In 1908, Münter and Kandinsky discovered the alpine village of Murnau and, together with fellow artists Alexei Jawlensky and Marianne Werefkin, they started to spend their summers there. This was a turning point for the group, and Münter found to a unique colorfulness and simplicity in her style. She also became interested in folk art, often using traditional objects as motifs. The canvas Wooden Doll demonstrates how Münter incorporated Fauvist and Post-Impressionist tendencies, which she absorbed during her stay in Paris, into a highly original approach to still-life painting. Münter here abandoned traditional perspective for a flattened surface composed by large zones of primary colors, juxtaposing a traditional wooden doll with household objects and fruits. A few years later, she organized, together with Kandinsky, the first Blaue Reiter exhibition in 1911, where she presented her work alongside his and other German and international avant-garde artists.

Installation view of Expressionism in Germany and France: From Van Gogh to Kandinsky at the Los Angeles County Museum of Art (June 8–September 14, 2014), photo © Museum Associates/LACMA. 

The third female artist featured in the exhibition is Marianne Werefkin (1860–1938), who received her initial artistic training in her native Russia and quickly became famous; she was even regarded as the “Russian Rembrandt.” Werefkin met fellow Russian artist Alexei Jawlensky and came with him to Germany in 1896, settling in Munich. There, she started to host a famous salon, where many avant-garde painters, writers, musicians, and art historians gathered to discuss new artistic theories. Werefkin became one of the founding members of the Neue Künstlervereinigung München (New Artists Association of Munich, or NKVM) and was closely associated with the Blaue Reiter group, founded by Kandinsky, Franz Marc, and Münter. Her color palette had been influenced by her summers in the Bavarian alpine village of Murnau, where she worked alongside Jawlensky, Kandinsky, and Münter. She had also become interested in the highly symbolist use of color, which she saw on her frequent visits to France with Jawlensky, by both the Nabis artist group and Paul Gauguin. In her painting Corpus Christi, Werefkin gives a highly spiritual character to the landscape through intensely contrasting colors rendered in vivacious brushstrokes.

You have until September 14 to see the work of these three remarkable artists in Expressionism in Germany and France. And to discover even more female artists in the permanent collection, visit the installation The Written Image, which features a lithograph by Käthe Kollwitz, who was one of the most important avant-garde artists in early 20th-century Germany and was active as a printmaker and sculptor.

martedì 9 settembre 2014

‘Os Gemeos’ Converts Industrial Silos in Vancouver into Towering Giants

This is public art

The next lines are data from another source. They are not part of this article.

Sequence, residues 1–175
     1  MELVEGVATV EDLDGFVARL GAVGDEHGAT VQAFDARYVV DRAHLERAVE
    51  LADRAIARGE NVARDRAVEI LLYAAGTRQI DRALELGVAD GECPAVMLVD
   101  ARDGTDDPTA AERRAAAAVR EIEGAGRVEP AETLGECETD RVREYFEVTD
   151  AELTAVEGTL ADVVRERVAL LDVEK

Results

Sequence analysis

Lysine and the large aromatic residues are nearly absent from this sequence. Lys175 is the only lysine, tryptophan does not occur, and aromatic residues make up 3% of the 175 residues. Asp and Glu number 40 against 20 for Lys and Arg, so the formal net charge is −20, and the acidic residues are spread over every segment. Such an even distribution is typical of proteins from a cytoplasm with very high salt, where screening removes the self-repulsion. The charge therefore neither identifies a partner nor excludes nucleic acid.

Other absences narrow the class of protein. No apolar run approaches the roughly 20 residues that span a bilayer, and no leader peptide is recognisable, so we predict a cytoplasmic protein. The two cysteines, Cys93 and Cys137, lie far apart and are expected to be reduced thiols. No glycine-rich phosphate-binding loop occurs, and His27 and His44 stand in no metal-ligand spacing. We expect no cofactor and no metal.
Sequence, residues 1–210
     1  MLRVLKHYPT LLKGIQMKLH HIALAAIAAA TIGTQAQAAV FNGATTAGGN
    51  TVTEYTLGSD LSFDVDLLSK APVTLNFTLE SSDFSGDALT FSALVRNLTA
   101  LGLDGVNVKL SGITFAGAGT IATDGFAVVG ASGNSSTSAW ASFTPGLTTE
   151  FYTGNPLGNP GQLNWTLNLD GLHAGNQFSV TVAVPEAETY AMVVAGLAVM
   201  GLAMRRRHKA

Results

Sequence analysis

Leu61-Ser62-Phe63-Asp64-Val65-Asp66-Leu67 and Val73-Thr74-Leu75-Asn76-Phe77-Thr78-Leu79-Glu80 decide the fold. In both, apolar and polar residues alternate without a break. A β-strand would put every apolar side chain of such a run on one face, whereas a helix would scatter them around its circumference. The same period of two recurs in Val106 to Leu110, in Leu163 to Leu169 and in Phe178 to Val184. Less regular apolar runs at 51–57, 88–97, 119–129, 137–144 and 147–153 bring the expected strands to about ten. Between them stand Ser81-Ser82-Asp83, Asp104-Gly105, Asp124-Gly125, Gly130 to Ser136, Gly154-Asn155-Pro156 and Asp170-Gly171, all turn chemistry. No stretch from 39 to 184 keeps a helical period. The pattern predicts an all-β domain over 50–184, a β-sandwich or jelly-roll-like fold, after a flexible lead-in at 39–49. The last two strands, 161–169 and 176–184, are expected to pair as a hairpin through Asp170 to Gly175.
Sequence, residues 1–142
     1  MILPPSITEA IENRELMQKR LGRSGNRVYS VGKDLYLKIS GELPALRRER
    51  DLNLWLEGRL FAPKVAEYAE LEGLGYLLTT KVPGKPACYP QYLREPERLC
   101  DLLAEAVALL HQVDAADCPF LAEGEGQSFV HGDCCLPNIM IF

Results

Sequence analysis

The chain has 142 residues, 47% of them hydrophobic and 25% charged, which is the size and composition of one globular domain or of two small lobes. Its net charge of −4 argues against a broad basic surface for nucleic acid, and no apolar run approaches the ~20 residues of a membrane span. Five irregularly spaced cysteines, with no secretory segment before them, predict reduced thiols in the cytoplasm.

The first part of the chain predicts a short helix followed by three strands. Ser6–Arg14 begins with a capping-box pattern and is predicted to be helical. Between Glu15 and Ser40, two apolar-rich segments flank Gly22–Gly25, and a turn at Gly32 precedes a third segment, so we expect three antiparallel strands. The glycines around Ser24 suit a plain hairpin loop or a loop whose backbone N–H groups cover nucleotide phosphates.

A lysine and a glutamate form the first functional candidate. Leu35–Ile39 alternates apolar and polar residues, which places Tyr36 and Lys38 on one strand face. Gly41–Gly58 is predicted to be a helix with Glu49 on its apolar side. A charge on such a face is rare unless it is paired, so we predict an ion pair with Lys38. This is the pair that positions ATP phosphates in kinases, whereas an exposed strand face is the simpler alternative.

First a Boeing 747, and now an industrial complex on a Vancover island; it seems no canvas is too large for Brazilian graffiti artists Os Gemeos who were invited to the Vancouver Biennale to turn six multi-story silos on Granville Island into their trademark ‘Giants.’ The murals on the 70-foot towers are now the largest paintings ever attempted by the pair, an astounding feat considering Os Gemeos completely donated a month of their time to create the non-profit art project. An Indiegogo fundraising campaign to recoup costs associated with painting the silos has been extremely successful. You can see more over on Arrested Motion. (from here)

martedì 2 settembre 2014

Neanderthal abstract art found in Gibraltar cave

The oldest known example of abstract art has been discovered in a cave in Gibraltar. The work, a series of criss-crossed lines cut into stone, was carried out 40,000 years ago.

The work was created by Neanderthals, close relatives of modern humans, who until now had been considered incapable of abstract thought and expression.

"Creating paintings or carvings in caves is seen as a cognitive step in human development," said Joaquín Rodríguez-Vidal of the University of Huelva – one of the researchers whose study of the cave was published in the Proceedings of the National Academy of Sciences on Monday.

"This behaviour was considered exclusive to modern humans and has been used as an argument to distinguish our direct ancestors from ancient man, including Neanderthals."

The discovery is "a major contribution to the redefinition of our perception of Neanderthal culture", prehistorian William Rendu of the French National Centre for Scientific Research told the Wall Street Journal. "It is new and even stronger evidence of the Neanderthal capacity for developing complex symbolic thought."

The work, uncovered in 2012 and measuring about one square metre, consists of eight lines cut deep into the rock that is arranged in two groups of three long cuts and two shorter ones.

Rock engravings in Gibraltar could be proof that Neanderthals were more intelligent than previously thought. Photograph: Stuart Finlayson/AP
What the engraving signifies is open to conjecture. "At this point we can only guess at its meaning," said Rodríguez-Vidal. "However, the engraving in the cave is the first directly demonstrable example of an abstract work, carried out consistently and with care and requiring prolonged and concentrated work, that has been produced in a cave."

Found alongside the engravings were 294 stone tools in undisturbed sediment dating back 39,000 years – about the time when Neanderthals became extinct – meaning the art below it must be older.

The tools are made in a signature Neanderthal style of a type that has never been found at a modern human site, the researchers say.

The Neanderthals reached Europe from Africa some 300,000 years ago.

(from )